and saved them through Your Son, Jesus Christ ( John 6:44; Matthew 11:28).                     

    2.  For the Saved

We want to pray for a faithful witness and boldness in believing students

            Father, I ask that the Christian students of __________will have a powerful and righteous influence in the school for your glory. Empower them to live holy and obedient lives before their friends and teachers. Sanctify anything in their lives that might hinder their testimony
(Matthew 5:13-16; 1 Peter 2:11-12, 3:15-16).

            Father, have these students of __________be powerful witnesses for the Lord Jesus Christ. Fill them with the Holy Spirit so that they can speak boldly about who You and what
You have done (Matthew 28:19-20; Acts 1:8).

 Prayer for the Administration and Teachers   

  1. For the Lost

We want to pray the Lord will save all lost teachers and administration

            Father, I plead that the unsaved teachers of __________would graciously draw them all into a personal relationship with You through the Lord Jesus Christ. I pray that they would turn from their sin to Christ with a genuine faith (John 3:15-18, 6:44; Acts 4:12, 17:30-31).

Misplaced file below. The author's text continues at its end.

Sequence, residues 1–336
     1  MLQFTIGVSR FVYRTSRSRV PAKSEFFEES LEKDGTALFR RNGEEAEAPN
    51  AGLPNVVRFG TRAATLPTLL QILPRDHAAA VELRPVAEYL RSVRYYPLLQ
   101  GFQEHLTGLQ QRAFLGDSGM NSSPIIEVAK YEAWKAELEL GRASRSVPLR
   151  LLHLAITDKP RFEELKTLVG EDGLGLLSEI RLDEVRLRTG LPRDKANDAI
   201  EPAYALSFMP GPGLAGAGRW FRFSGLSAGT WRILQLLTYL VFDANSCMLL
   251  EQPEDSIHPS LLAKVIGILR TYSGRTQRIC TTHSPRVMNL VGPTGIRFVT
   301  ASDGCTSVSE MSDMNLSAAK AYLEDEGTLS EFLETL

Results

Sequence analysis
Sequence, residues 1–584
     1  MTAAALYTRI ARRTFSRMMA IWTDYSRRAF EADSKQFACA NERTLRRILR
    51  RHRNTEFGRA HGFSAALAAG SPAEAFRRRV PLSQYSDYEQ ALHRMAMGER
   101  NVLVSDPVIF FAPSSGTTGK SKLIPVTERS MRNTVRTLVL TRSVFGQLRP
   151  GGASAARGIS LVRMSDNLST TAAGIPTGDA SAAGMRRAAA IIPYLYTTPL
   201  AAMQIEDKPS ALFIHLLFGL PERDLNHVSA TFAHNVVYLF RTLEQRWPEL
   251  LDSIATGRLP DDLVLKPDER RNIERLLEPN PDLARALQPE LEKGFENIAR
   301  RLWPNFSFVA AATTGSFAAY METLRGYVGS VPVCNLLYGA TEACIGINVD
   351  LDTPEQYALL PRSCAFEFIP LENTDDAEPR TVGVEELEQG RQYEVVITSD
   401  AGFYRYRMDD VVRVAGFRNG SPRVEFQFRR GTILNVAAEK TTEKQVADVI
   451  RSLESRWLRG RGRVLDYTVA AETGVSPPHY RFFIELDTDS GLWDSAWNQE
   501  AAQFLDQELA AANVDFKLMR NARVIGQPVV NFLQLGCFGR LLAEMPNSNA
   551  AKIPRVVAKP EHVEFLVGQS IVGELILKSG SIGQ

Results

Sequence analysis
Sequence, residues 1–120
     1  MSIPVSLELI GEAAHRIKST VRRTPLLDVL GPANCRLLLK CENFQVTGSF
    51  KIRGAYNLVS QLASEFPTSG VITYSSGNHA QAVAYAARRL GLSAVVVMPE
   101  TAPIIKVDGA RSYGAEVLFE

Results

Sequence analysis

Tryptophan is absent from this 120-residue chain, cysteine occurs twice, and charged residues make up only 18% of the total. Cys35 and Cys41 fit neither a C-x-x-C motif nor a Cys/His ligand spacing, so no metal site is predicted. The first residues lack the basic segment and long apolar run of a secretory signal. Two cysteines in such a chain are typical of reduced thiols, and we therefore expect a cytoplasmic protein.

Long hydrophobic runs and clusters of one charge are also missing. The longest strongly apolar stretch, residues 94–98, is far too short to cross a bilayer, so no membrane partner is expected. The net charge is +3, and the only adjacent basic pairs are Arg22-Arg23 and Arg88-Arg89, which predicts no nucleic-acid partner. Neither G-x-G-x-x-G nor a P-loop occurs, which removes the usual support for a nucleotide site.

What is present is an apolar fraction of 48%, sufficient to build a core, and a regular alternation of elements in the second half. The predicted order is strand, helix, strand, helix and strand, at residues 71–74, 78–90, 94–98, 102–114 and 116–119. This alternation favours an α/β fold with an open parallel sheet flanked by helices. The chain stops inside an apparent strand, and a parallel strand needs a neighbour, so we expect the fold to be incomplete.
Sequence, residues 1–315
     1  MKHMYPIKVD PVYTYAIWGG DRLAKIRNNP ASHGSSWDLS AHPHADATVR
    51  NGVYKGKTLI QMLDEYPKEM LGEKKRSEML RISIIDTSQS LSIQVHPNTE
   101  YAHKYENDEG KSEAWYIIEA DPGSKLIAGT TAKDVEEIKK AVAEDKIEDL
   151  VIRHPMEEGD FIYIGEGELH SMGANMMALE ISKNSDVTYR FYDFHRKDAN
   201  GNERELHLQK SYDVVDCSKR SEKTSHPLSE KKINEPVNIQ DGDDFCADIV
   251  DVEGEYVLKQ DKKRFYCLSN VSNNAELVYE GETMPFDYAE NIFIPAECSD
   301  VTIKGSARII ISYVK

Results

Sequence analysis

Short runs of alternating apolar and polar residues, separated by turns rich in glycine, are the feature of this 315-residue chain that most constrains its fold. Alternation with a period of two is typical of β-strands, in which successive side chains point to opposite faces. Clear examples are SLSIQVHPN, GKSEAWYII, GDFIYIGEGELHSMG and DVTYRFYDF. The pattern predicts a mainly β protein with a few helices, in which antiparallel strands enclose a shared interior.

2.  For the Saved

We pray for a willingness to share their faith within the authoritative structure that they are under.

            Father, please give the teachers and administration at __________would exercise a righteous influence among the students and other teachers. Empower them to live holy lives and minister to the students and other teachers (Proverbs 28:1; Matthew 5:13-16).

            Father, I pray that grant them the wisdom to know how and when to share their faith with all they are around..  (Matthew 28:19-20; Acts 1:8, 4:31).

Prayer for the Parents

  1. For the Lost

We want to pray for parents who do not know the Lord, to come to know Him this year. 

            Father, I pray in the name of Jesus that the unsaved parents of __________would surrender their lives to Jesus Christ as their personal Lord and Savior. I ask that the Spirit would convict them and draw them to Jesus by his grace to faith
and repentance for Your name sake (John 3:15-18).

     2.  For the Saved

We want to pray for believing parents to live out their faith in a way that brings glory to God.

            Father, I ask that the believing parents of __________will continue to grow in their relationship to God .That they will take the lead as an example of godly living. Do this so that they can train godly children,  and to be an example to others as well (John 8:31-32; 1 Peter 3:1-2).